Construction of a typical nuclear facility does not begin until 90 percent of the design work has been finished. Design of the Waste Treatment and Immobilization Plant at Hanford is only 80 percent along, yet construction is more than half complete.
The project, WTP for short, is intended to “glassify” Hanford waste into logs or caskets far more stable than tanks that date back decades. But construction continues one year past the envisioned start of operations. Costs have more than tripled. Start-up is not expected until 2019 – at the earliest – and its projected operating life now extends to more than one century after work began on the reactors that produced the plutonium used in the bomb detonated over Nagasaki, Japan.
Last week, the U.S. Government Accountability Office issued an extremely harsh report on the performance of contractor Bechtel National Inc. and the oversight of the U.S. Department of Energy, which has awarded millions in inappropriate performance bonuses, including $15 million the GAO said should be clawed back.
But easily the most troubling comment was this: “DOE cannot be certain whether the WTP can be completed on schedule and, once completed, whether it will successfully operate as intended.”
That’s a heck of an unknown for a $13.4 billion – and counting – project. Incredibly, after so many decades, Bechtel and DOE have not yet sampled the waste enough to know all its physical, radiological and chemical characteristics.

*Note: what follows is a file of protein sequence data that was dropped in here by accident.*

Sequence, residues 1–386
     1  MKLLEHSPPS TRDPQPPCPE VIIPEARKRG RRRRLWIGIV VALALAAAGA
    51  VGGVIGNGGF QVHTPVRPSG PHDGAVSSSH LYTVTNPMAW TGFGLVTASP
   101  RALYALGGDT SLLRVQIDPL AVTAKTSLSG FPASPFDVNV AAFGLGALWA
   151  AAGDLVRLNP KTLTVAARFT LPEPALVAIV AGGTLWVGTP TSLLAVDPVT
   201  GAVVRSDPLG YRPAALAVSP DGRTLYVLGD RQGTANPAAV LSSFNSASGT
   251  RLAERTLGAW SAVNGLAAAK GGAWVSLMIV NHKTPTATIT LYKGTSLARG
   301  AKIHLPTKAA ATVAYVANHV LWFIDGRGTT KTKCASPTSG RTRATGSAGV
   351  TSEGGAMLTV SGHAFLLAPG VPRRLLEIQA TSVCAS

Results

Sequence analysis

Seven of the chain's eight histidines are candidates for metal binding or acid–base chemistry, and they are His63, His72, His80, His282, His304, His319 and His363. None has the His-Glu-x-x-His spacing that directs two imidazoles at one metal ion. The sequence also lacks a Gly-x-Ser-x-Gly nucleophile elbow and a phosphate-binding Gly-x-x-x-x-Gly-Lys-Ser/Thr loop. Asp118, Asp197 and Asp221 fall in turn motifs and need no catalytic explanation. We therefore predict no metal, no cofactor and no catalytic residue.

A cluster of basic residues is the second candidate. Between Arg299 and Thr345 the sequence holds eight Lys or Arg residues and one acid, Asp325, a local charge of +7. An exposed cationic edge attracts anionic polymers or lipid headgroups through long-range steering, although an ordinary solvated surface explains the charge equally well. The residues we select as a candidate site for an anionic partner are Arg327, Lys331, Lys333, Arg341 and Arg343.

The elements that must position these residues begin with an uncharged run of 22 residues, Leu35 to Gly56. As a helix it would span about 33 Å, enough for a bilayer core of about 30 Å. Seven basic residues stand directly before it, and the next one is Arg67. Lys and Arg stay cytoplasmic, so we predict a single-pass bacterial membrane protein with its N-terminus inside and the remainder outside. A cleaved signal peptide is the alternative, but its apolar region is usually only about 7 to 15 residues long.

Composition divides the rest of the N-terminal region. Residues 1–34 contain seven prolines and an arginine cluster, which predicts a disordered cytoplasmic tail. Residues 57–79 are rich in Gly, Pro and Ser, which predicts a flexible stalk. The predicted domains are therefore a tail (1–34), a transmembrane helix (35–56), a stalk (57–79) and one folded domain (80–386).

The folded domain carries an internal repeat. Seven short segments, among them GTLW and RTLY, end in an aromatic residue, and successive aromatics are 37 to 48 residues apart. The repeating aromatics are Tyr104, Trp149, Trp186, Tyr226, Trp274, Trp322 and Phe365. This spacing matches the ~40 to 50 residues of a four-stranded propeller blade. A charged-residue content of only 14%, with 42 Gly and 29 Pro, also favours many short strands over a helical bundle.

Bechtel’s frustrated project manager, Frank Russo, attributes the huge cost and time overruns to an inability to get that fundamental task done, and requirements that the plant be modified to handle materials with a broader spectrum of size, abrasiveness and chemistry.
Some plant components must work perfectly whatever comes their way. “Black cells” treating the most contaminated waste, for example, will become so toxic to humans that none can enter during the facility’s 40-year operating life.
If DOE would provide a fixed set of specifications, and Congress budget certainty, Russo says, the project will be able to move forward with a minimum of further delay and additional costs.
And he points out the real worst-case is not more construction hiccups, but catastrophic failures of the tanks holding the 56 million gallons of untreated waste. Much would undoubtedly reach the Columbia River.
That threat explains the overlapping, and failed, fast-tracking of the design/construction process.
GAO recommends a work stoppage on some components until design work is much further along, and much tougher oversight of Bechtel. A DOE inspector in August argued Bechtel should be pulled from all design work.
It’s time for a timeout that reduces work to a minimum that would sustain the core of highly skilled engineers, technicians and workmen on the project. A study analyzing what is known and what needs to be known for final design will not be completed until August 2014.
That would seem a sensible time to reassess, and push this massive project to conclusion.